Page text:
Healthcare agencies, here are four advances in AI and machine learning that you MUST understand
Healthcare stands on a precipice – primed to be transformed by AI and machine learning. There are vast amounts of data at our fingertips, available from an increasingly diverse range of sources – from electronic health records, to claims data, onto mobile devices and even embedded sensor data.
With ground-shaking change afoot, those in healthcare must keep pace with the rapidly advancing technology that is AI and machine learning. And if you’re feeling left behind, here’s a fast-fire, five-minute catch up of four recent AI and machine learning headlines you may have missed (but really should know about).
Amazon Web Services gets serious about AI
AI and machine learning are powered by cloud computing – which provides storage capacity, security, and analytic capabilities – all of which are needed to implement AI and ML.
When it comes to commercial cloud computing, Amazon Web Services (AWS) are the clear leaders of the field, accounting for a meaty 47.8% market share of cloud services. And this figure could increase significantly, very quickly, as Amazon have just unveiled a range of services to make it easier for customers of all industries to build AI into their business applications.
Some machine learning features will only be relevant to select users, however for these specialists, the capabilities that these features provide could prove invaluable; a prime example being Transcribe Medical – a speech-to-text service for the medical community.
“To our ConvergeHEALTH team, they are all over it, even though most of the room doesn’t care”.
AI could save healthcare providers HUGE sums of money
Deep learning artificial intelligence models can provide a window into the future, and in the world of healthcare, where budgets are finite, and patients are difficult to plan for, accurate predictions are EVERYTHING.
Among the most recent AI predictive models to emerge is one that is focused on the elderly – and how and why they use healthcare services. In turn, this model could play a central role in the challenge of planning for an aging population.
“Our goal is not to put the model developed in this research into practice as such but to integrate features of deep learning models to existing models, combining the best sides of both. In the future, the goal is to make use of these models to support decision-making and allocate funds in a more reasonable way”.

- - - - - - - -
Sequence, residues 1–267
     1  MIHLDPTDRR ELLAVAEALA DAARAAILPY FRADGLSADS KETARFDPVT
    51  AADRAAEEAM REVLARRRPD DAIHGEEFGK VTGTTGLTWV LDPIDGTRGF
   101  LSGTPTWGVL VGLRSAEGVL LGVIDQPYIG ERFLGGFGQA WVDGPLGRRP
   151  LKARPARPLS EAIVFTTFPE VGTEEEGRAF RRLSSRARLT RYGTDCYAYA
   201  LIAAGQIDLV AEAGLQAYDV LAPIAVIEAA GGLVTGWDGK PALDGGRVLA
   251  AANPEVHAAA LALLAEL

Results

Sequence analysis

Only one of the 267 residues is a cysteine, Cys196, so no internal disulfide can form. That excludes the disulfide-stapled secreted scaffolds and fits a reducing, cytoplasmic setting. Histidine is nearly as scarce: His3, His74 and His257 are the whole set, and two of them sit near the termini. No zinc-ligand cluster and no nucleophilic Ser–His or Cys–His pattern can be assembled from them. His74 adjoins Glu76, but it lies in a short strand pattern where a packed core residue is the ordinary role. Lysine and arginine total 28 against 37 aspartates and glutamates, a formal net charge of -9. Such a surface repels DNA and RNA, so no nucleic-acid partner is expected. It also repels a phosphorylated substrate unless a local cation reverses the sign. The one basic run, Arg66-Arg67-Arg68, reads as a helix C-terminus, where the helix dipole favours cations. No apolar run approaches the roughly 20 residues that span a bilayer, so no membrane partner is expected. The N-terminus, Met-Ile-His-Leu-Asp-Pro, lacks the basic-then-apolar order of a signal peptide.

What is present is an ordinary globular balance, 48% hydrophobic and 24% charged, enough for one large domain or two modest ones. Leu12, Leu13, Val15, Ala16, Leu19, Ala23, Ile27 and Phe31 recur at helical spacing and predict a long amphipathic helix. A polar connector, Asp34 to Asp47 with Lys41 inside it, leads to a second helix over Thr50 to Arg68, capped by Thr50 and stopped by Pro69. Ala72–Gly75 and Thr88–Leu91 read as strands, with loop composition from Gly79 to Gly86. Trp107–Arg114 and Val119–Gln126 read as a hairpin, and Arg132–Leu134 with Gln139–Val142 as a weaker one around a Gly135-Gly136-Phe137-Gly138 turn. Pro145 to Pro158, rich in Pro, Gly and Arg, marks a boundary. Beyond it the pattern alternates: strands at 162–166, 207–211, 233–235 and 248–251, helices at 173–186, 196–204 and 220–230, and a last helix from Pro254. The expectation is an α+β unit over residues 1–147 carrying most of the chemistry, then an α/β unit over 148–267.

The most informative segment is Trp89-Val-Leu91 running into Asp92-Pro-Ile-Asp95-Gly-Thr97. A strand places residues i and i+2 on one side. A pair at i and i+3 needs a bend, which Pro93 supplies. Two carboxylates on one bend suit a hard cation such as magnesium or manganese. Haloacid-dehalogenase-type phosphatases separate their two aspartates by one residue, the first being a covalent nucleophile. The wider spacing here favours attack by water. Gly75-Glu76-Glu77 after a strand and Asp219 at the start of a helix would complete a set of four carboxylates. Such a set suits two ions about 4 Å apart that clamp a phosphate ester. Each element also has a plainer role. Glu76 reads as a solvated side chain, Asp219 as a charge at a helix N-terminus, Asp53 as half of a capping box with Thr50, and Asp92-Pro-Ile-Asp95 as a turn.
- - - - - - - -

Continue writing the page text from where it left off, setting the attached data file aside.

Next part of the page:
– Pekka Marttinen, Assistant Professor at Aalto University and FCAI
AI is continuing to speed up clinical trials
H1 – a New York-based healthcare data-driven solutions provider, is continuing to enjoy exponential growth, hitting a milestone of 35 big pharma clients, and revenue growth of 350% over the past 12 months alone.
Their platform is supporting firms such as Microsoft Academic, City of Hope, UCSF and Veeva in discovering leaders in any given therapeutic area, and researching the ways in which these leaders’ input is contributing to the field.
“4 out of the top 10 pharma companies are currently using H1, and we expect the final 6-7 of the top 10 pharmas to be using our platform by the middle of 2020. Pharma and biotech companies are using H1 to accelerate drug development with our AI-driven healthcare dataset. In one case study, a leading pharma company was able to identify which key investigators to partner with for their oncology studies”.
For the NHS, the technology is there, but the data isn’t
AI holds untold promise for the NHS – from diagnostics, to drug development and onto better patient outcomes. Recently all the signs have been positive that change, powered by AI, could be near, with NHS chief Simon Stevens announcing his intention for the NHS to be a “world leader in artificial intelligence and machine learning within five years”. This was followed by an announcement that £250m would be invested in a National Artificial Intelligence Lab for the NHS to improve patient care.
But there’s a problem…
Two thirds of NHS trusts do not have access to data needed for AI deployments – so read the headline this week [16 December 2019]. And experts argue that the issues that must be faced are both cultural and organisational.
“Artificial intelligence has limitless potential in healthcare services and it’s encouraging to see the technology being used in half of NHS Trusts. As healthcare moves towards preventative treatment and personalised medicines, artificial intelligence leaders in the NHS have a complex challenge to break through cultural and organisational barriers when it comes to providing healthcare professionals the access to data they require”.
– George Kurian, Netapp Chief Executive Officer and President
As a brand-new year begins, we look forward to another 12 months of healthcare progress that is powered by AI and machine learning – where could these technologies + Yoke Health take you in 2020?
Let’s talk about it.
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